England will draw rookies Northern Ireland, Norway and Austria in the group stage of the 2022 Women’s Eurocup, while champion Netherlands will take on world No. 2 Sweden.
- England, hosts, tied in the group favorable for the tournament, starting July 6
- The two best teams in the group are guaranteed a place in the quarterfinals
- The Lionesses will face a tough-looking Group B team if they progress
England have been drawn into the same group as Northern Ireland, Norway and Austria for the 2022 Women’s Euros.
The delayed competition kicks off on July 6 when hosts England take on Austria at Old Trafford. The Lionesses will then play Norway at The Amex, home to Brighton, and Northern Ireland at St Mary’s Stadium in Southampton. The top two teams in the group are guaranteed a place in the quarterfinals.
Northern Ireland is making its debut in the tournament and is the lowest ranked team in the competition. England recently beat Kenny Shiels’ side 4-0 in a World Cup qualifying match at Wembley and will face them away from home in April, just three months before they meet at the Euro Cup.
England recently beat Northern Ireland 4-0 in a World Cup qualifier at Wembley.
Winner A vs Runner-up B
Winner B vs Runner-up A
Winner C vs Runner-up D
Winner D vs Runner-up C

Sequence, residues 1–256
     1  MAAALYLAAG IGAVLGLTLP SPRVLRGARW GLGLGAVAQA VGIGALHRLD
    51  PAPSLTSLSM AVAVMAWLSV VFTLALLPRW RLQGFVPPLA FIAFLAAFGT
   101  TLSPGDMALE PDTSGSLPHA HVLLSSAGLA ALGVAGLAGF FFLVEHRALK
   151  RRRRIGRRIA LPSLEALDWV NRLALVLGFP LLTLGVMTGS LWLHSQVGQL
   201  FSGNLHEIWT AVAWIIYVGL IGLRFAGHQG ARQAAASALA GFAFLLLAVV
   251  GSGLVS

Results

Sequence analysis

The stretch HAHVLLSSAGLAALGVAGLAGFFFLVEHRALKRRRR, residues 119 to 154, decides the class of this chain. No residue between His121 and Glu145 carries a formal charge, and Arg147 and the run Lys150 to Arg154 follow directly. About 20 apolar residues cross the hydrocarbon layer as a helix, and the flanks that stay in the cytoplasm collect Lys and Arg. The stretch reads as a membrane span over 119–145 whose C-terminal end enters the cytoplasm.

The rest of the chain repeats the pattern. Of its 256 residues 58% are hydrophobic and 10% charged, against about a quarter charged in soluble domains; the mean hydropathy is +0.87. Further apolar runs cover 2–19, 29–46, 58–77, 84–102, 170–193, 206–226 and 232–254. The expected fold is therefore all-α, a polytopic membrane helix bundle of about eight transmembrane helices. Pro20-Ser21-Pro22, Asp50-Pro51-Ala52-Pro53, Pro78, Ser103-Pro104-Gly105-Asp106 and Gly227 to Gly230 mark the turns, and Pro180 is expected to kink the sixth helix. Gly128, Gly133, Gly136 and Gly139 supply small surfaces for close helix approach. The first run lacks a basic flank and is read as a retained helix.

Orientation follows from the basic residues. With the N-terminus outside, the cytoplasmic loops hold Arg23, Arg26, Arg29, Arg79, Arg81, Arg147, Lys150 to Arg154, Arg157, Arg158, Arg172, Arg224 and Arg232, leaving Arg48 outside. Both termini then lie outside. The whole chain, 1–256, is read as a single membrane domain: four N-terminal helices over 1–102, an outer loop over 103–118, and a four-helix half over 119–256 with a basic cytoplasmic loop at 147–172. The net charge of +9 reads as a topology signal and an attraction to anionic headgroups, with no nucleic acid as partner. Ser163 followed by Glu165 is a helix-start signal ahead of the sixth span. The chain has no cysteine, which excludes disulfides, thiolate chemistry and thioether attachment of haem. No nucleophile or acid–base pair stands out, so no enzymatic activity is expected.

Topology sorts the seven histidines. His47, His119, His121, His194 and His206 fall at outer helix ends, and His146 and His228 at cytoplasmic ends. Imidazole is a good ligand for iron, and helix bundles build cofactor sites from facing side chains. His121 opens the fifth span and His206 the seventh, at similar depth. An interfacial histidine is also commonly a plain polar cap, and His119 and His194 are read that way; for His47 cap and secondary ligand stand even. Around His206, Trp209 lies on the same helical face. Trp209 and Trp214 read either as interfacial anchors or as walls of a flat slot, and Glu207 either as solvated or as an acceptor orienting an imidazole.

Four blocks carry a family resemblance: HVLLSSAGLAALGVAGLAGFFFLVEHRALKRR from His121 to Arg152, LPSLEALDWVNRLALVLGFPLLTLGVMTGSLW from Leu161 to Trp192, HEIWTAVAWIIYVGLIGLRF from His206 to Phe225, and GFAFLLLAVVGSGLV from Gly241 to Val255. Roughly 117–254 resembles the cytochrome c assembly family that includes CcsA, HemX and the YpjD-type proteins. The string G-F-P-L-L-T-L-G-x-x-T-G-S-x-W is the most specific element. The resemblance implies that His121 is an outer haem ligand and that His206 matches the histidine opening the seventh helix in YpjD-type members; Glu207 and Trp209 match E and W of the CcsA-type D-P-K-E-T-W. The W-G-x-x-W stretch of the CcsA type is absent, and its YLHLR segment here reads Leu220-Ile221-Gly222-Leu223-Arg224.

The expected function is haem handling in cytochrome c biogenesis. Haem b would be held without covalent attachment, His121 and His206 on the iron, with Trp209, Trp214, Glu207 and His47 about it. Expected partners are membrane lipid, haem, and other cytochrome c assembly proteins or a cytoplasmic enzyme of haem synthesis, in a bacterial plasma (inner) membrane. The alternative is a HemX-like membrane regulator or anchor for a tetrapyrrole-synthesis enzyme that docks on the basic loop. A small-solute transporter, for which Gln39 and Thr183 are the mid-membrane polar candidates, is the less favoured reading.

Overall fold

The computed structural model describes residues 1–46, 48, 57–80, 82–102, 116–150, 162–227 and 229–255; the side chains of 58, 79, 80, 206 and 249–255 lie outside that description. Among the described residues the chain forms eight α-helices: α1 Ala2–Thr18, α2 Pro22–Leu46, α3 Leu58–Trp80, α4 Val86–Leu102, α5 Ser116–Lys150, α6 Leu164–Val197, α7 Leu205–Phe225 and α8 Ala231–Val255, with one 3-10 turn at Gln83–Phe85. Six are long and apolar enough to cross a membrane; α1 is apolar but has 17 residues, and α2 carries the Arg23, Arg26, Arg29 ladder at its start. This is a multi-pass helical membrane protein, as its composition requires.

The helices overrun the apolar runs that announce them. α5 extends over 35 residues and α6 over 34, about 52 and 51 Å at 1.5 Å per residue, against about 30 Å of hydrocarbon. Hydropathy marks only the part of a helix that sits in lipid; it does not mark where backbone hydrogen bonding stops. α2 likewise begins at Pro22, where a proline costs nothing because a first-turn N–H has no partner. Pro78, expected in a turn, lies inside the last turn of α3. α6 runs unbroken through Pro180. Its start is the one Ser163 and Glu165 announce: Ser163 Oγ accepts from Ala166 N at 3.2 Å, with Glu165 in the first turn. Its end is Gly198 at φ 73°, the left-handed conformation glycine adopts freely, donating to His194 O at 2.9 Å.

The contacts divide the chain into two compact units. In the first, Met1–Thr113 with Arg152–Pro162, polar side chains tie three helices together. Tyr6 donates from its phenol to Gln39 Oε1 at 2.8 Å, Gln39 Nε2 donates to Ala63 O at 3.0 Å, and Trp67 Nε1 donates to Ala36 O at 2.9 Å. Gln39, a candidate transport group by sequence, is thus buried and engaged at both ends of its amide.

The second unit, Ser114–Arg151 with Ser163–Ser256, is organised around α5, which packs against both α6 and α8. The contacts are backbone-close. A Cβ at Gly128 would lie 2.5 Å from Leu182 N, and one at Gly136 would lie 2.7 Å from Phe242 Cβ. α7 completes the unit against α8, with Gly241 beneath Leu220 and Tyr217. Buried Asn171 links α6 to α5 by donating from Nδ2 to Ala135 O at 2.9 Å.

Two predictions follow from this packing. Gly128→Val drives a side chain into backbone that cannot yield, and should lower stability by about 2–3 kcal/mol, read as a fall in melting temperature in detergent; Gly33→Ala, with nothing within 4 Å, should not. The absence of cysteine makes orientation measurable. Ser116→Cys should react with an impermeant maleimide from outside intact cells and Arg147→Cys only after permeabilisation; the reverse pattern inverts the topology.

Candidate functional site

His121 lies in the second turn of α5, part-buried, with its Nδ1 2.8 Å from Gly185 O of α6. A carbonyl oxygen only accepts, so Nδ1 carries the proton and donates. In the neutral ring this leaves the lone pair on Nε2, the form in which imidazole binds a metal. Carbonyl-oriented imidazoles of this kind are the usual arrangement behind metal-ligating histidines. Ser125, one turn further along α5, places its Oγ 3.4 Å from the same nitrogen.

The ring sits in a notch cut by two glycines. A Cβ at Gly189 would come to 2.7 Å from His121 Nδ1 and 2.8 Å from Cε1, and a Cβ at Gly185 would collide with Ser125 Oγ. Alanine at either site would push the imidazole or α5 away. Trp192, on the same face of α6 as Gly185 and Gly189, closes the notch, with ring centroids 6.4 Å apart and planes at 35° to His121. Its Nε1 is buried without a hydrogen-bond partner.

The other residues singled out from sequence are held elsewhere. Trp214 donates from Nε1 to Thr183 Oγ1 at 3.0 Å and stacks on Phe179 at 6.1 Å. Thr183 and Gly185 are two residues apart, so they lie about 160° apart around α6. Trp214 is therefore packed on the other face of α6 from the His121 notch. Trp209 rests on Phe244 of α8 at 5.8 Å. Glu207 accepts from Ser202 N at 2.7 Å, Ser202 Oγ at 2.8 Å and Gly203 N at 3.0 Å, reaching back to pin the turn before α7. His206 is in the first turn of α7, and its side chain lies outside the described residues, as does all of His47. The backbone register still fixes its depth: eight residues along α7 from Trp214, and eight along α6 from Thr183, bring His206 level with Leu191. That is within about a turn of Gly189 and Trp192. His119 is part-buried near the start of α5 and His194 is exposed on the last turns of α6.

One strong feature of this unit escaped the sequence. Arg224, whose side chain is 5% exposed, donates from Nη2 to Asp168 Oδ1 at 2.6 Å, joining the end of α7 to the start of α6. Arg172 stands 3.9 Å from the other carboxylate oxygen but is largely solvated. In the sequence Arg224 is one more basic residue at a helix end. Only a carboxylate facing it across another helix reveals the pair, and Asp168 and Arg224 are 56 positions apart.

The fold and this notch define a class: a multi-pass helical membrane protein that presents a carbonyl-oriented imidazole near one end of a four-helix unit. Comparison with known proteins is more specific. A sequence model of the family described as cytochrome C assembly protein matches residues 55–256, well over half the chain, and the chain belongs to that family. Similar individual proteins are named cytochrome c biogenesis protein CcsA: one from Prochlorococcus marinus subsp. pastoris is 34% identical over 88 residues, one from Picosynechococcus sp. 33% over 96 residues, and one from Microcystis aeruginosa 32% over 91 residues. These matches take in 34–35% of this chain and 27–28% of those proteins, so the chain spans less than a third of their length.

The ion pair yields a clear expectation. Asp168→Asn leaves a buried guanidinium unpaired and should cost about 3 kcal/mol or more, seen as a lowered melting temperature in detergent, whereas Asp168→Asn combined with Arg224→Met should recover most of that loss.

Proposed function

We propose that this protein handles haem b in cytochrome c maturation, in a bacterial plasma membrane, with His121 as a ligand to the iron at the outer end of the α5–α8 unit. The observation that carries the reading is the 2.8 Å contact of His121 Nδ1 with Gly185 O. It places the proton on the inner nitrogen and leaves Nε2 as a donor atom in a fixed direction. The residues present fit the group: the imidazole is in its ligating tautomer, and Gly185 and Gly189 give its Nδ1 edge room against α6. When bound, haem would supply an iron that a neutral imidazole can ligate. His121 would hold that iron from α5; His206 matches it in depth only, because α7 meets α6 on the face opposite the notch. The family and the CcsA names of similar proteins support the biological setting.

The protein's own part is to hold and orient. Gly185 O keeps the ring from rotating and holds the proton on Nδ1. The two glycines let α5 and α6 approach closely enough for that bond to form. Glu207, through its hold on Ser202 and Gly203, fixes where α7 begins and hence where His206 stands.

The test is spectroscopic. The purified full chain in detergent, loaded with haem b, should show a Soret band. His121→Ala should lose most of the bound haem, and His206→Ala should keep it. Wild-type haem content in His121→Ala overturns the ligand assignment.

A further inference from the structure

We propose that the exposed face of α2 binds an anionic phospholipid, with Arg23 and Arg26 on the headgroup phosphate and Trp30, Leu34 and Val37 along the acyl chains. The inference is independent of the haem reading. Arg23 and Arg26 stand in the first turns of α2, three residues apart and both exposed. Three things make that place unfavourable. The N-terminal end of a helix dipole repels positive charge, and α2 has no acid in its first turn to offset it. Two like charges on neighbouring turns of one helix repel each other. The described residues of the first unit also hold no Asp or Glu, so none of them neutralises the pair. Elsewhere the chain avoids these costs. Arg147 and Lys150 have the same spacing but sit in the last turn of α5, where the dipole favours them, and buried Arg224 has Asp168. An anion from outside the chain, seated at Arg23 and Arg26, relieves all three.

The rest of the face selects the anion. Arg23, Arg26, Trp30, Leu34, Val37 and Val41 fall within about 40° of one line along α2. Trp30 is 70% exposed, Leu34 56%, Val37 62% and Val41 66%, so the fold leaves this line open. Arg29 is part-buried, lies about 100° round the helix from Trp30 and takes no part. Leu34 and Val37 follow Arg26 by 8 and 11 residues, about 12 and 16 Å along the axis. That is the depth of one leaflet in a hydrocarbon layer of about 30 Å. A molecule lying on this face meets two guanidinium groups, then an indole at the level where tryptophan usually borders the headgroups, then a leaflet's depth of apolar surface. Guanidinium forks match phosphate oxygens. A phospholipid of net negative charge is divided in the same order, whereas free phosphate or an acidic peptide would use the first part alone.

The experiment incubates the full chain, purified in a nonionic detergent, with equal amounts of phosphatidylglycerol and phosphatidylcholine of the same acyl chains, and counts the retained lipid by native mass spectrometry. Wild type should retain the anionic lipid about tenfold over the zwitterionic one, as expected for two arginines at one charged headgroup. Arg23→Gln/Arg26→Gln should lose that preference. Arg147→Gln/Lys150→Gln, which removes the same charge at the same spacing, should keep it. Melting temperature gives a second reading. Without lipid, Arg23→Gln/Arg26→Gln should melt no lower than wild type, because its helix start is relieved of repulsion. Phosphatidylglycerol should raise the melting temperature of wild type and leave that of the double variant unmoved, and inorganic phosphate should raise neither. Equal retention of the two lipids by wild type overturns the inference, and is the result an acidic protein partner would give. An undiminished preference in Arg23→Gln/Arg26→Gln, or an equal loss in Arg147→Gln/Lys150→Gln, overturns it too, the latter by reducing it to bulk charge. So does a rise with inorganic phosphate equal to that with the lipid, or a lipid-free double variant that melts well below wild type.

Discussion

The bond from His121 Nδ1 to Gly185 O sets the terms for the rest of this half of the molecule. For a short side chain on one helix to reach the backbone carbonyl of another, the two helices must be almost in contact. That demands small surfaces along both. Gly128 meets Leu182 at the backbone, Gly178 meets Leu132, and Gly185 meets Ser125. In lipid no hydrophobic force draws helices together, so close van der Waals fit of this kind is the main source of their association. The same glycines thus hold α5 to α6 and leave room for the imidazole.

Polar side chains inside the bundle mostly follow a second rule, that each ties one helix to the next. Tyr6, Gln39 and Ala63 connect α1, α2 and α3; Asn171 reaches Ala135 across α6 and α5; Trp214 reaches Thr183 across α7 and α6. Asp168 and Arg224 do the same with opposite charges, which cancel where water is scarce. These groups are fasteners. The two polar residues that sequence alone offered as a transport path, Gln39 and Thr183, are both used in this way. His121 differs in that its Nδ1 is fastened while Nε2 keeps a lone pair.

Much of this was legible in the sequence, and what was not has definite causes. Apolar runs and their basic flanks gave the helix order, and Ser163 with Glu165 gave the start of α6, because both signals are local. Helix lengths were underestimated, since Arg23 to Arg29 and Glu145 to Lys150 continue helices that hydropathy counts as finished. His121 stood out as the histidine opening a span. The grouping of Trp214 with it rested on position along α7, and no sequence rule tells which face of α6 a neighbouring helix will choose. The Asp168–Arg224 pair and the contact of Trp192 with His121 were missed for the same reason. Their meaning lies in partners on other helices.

Austria is also in the same World Cup qualifying group as England and Northern Ireland. They were limited to a 2-2 draw with Northern Ireland earlier this week and will face the Lionesses at the Stadium of Light next month.
Norway, whom England beat in the 2019 World Cup quarter-finals, is likely to be England’s toughest match. They are ranked 12th in the world, four places behind England in eighth place.
Champion Holland is in Group C and will face second-place Sweden, Russia and Switzerland, while Germany and Spain have reunited in Group B. They are joined by Denmark and Finland. France, Italy, Belgium and Iceland make up Group D.
England boss Sarina Wiegman was the Netherlands coach when they won the competition at home in 2017, which included a semi-final victory over the Leonas.
England boss Sarina Wiegman was the Netherlands coach when they won the competition in 2017.
The 52-year-old has enjoyed a perfect start to her reign in charge with four wins in four games and hopes that form will continue until next summer.
The final will take place at Wembley on July 31 and the semi-finals will take place at Sheffield United’s Bramall Lane and Stadium MK, home of Milton Keynes Dons.
England last hosted the Women’s Euro Cup in 2005, but Hope Powell’s team was eliminated in the group stage after defeats by Sweden and Denmark. That tournament consisted of just eight teams with two groups of four, but the number of countries increased to 12 in 2009 and 16 in 2017.
The Lionesses never won the competition, but reached the final in 2009, where they were defeated by Germany. They also reached the unofficial Eurocup final in 1984, but were defeated on penalties by Sweden.
UEFA expects a record audience next summer and the ballot is open until 6pm on 16 November, with prices ranging from £ 5 to £ 50. The remaining unsold tickets will go on sale in February.
Juan Mata, Ruben Dias, Kelly Smith and Karen Carney helped run the draw in Manchester.